Later On

A blog written for those whose interests more or less match mine.

The cost of ‘quality of life’ policing

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“Quality of life” policing can wreck people’s lives, and it is specifically targeted at people of color—just read this report by Tobi Haslett in the New Yorker:

On a nippy Sunday afternoon last month, about a dozen volunteers for the Police Reform Organizing Project (PROP) descended on Park Slope, Brooklyn. Zipped up against the chill, they were unassuming, anonymous. In three groups of four people (a few more arrived later), they patrolled the western perimeter of Prospect Park, stood guard by the Park Slope Food Co-Op, and walked the avenues of kingly row houses. They were scouring the streets for white people behaving badly—littering, spitting, jaywalking, biking on the sidewalk, carrying open containers of alcohol, letting their French bulldogs off the leash, or committing any other quality-of-life violations, as the city’s officials call them. The day’s action was part parable, part prank. PROPvolunteers were to approach wrongdoers and flash a sheet of paper that looked like a summons. It was, in fact, a little pamphlet, and inside everything was explained: these are not police officers, this is not a real stop, and you have notbeen given a criminal summons, “although you very well might have if you were in a different neighborhood and a person of color.” As Bob Gangi, the white founder and director of PROP, told me, “We want to dramatize a point.”

Tanyanne Ball was the best at dramatizing the point. Ball is a small, polite woman with a bun of curly red hair and a Northern English accent. She worked as a police officer in the United Kingdom for two years, a job she is at pains to distinguish from its American counterpart. (British bobbies don’t carry firearms.) She lives in Park Slope, and the volunteers had gathered at her house beforehand for a training session, the turkey sandwiches circulating in her light-filled living room on the top floor of a converted brownstone. Ball seemed to have mastered the form of affable confrontation: as soon as she saw someone perpetrating a civic peccadillo, she would stride up and calmly, grinningly ask, “Are you aware that you have just committed a violation?”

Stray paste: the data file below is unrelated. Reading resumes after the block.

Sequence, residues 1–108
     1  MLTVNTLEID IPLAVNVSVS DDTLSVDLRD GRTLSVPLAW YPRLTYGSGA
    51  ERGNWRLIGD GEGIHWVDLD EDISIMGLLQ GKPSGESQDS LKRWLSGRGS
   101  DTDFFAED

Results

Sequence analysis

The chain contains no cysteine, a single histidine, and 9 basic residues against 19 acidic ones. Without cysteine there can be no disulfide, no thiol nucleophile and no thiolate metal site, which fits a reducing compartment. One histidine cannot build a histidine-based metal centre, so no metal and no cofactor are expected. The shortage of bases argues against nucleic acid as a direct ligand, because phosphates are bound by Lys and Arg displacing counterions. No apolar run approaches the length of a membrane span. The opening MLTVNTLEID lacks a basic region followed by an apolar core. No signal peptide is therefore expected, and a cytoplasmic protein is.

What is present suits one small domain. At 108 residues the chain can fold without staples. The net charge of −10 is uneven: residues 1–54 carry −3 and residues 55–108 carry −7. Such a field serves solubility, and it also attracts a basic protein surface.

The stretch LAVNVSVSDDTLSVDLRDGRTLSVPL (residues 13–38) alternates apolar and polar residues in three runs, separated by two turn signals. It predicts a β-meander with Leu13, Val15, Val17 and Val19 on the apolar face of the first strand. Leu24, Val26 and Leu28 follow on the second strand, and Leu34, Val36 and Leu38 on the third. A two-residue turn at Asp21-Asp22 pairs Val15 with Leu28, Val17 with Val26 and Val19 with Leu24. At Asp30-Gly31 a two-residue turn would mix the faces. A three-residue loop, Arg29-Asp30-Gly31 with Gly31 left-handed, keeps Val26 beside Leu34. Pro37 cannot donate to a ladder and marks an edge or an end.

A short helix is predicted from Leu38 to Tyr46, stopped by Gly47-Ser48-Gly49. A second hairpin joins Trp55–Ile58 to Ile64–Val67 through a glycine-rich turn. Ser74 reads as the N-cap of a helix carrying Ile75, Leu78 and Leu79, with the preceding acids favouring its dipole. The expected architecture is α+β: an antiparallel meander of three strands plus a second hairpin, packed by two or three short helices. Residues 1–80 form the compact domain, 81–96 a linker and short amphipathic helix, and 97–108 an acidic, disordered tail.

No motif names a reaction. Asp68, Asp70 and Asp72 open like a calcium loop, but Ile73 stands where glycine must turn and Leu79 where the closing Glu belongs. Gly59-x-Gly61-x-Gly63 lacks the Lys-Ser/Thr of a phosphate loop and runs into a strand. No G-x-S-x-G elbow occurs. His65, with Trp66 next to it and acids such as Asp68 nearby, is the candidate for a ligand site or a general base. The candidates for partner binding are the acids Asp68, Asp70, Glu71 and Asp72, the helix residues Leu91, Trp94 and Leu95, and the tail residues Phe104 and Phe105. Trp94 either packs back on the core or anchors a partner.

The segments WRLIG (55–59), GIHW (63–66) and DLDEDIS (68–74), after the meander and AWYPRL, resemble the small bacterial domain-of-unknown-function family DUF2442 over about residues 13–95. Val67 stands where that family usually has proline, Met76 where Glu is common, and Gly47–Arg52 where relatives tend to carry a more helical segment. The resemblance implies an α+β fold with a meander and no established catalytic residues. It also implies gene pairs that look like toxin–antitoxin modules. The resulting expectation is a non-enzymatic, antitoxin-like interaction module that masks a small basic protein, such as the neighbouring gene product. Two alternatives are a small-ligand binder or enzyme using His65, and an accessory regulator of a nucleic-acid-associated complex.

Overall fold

Reactions varied. Some offenders stood politely, listened to the whole speech, expressed one of several variations on liberal piety (they were, after all, well-informed people), and then went briskly about their business. A well-dressed couple—man and woman—briefly stopped but grew resentful of this rude interruption in the name of politics. Halfway through an activist’s little lecture, the man snarled that this was taking longer than an actual ticket would have. Gangi, in one of the first stops of the day, launched his body in front of a bicyclist who was freewheeling down the sidewalk. The rider, a woman with a backpack, was incensed. Gangi presented his information—bikes couldn’t be ridden on sidewalks, certainly not by black or Hispanic people—but she refused to be placated. To each of his statistics, she replied, with bitter insistence, “Yes. Yes. I am perfectly aware of that. Now get out of my way.”